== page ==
In 1850 another team, under the title "The Washington Club," put in an appearance at the Old Red House grounds at Yorkville. Subsequently, in June, 1851, the Washingtons challenged the Knickerbockers. The game took place June 3d of that year. The Knickerbockers, having profited by their defeat at the hands of the New York Nine, had been giving more attention to practice than to pastry, and had greatly improved their game. They appeared upon the grounds in new uniforms, composed of blue trousers, white shirts and straw hats, creating a profound sensation. The score of this game was 21 to 11 in favor of the Knickerbockers, in eight innings.
It may be well to explain that, at this stage of the development of our national game, the final result was contingent, not upon the score as it stood at the end of nine innings, as now, but upon the winning of 21 runs in any requisite number of innings.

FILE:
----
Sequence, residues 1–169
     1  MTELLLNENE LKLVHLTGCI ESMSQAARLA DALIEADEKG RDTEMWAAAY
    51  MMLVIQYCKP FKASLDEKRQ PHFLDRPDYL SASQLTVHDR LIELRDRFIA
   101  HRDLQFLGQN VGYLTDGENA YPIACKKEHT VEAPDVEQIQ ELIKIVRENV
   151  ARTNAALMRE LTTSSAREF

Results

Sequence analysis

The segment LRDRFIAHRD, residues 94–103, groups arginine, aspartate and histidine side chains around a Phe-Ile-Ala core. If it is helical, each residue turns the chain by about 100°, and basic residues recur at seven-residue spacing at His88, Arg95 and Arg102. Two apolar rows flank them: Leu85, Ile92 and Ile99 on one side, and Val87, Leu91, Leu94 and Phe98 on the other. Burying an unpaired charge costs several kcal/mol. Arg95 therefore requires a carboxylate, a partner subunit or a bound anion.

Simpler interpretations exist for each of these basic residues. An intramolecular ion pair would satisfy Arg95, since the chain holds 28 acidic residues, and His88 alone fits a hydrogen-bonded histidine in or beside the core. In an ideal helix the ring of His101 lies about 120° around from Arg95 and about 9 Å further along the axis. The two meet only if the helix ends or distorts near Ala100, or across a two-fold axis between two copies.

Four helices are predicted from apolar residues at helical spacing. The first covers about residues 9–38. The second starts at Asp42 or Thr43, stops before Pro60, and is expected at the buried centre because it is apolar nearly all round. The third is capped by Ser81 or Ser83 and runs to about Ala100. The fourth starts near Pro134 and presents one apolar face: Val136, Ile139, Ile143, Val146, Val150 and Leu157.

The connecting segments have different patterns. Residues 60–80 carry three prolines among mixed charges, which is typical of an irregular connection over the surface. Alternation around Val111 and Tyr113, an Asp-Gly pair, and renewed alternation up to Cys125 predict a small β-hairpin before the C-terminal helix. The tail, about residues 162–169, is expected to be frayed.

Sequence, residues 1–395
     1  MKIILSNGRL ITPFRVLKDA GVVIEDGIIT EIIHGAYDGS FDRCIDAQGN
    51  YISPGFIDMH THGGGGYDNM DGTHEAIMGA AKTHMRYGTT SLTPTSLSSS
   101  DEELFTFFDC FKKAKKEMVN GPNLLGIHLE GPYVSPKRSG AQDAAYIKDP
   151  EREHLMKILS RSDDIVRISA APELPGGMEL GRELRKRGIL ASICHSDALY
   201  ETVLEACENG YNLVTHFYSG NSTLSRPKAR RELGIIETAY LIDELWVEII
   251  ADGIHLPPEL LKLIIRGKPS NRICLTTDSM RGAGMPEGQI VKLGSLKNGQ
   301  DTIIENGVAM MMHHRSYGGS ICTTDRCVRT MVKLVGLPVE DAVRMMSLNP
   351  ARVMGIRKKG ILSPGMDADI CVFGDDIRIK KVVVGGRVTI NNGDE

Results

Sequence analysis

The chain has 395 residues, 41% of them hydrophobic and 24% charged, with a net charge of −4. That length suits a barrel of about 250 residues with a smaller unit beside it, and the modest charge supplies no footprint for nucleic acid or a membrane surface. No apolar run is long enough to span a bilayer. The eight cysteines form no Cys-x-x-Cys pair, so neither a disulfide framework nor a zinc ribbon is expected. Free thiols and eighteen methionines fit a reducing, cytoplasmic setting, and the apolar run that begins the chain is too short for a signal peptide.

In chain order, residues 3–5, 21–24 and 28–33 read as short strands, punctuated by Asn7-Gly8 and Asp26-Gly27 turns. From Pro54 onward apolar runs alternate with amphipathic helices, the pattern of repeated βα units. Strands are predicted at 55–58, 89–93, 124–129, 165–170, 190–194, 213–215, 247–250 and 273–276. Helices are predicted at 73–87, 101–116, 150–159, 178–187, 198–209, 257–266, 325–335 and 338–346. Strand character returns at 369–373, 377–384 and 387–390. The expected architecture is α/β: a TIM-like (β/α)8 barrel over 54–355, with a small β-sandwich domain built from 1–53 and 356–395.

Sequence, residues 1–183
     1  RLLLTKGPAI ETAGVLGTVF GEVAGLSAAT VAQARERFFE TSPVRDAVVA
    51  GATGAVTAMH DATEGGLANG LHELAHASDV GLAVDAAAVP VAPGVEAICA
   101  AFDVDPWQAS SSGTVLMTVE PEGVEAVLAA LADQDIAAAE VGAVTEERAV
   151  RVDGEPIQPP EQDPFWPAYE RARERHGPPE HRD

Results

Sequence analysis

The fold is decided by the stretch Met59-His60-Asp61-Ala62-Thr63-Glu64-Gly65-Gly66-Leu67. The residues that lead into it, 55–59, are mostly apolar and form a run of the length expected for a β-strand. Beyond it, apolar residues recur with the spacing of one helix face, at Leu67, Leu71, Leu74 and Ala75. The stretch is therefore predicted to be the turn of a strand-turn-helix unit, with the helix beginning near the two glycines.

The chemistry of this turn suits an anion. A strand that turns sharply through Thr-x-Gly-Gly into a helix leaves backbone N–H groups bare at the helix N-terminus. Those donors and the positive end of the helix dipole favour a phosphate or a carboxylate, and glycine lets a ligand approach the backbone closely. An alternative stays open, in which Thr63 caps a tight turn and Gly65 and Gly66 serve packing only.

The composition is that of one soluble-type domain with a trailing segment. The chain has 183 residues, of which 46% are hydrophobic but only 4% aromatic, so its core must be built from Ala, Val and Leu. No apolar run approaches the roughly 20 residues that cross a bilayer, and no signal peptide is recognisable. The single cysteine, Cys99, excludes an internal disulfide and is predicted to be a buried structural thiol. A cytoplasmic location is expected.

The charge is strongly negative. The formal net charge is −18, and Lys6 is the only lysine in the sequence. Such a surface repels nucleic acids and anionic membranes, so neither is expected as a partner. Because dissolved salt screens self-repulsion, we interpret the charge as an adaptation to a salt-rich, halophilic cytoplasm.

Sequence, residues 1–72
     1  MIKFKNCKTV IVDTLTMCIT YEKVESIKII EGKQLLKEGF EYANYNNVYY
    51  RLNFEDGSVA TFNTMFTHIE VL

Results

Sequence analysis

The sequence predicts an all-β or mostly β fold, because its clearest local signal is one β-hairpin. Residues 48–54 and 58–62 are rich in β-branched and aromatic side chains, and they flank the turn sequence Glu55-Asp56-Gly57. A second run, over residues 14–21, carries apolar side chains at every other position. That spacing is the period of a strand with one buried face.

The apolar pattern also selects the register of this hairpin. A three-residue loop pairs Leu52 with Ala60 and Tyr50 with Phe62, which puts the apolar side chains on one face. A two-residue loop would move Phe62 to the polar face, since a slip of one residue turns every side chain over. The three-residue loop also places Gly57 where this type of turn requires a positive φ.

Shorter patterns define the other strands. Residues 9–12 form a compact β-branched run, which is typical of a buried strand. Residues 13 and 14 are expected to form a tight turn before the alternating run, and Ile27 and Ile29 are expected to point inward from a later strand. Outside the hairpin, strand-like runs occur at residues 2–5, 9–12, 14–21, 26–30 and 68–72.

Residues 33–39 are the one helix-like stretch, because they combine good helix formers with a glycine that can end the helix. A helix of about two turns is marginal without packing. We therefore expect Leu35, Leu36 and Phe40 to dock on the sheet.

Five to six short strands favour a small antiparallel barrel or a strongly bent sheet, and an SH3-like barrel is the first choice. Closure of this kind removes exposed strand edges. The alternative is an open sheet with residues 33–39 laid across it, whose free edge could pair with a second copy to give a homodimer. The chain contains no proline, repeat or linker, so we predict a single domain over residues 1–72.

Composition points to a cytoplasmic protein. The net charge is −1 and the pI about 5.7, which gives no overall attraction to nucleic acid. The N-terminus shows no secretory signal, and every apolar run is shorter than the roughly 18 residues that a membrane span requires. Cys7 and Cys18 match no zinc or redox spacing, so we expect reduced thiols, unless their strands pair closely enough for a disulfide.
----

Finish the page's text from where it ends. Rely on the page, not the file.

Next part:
The return game of this series was played on June 17th, 1851, on the Hoboken grounds of the Knickerbockers. It was also won by the latter by a score of 22 to 20, in a hotly contested game of ten innings, which was followed by the usual banquet.
The Washington Club met defeat well. Undaunted by their double drubbing at the hands of the Knickerbockers, the team continued its practice games regularly, and greatly strengthened its play by the reception of a large number of new members from whom players were selected.
In 1852, the Washington Club (of New York), recognizing the apparent inappropriateness of title, changed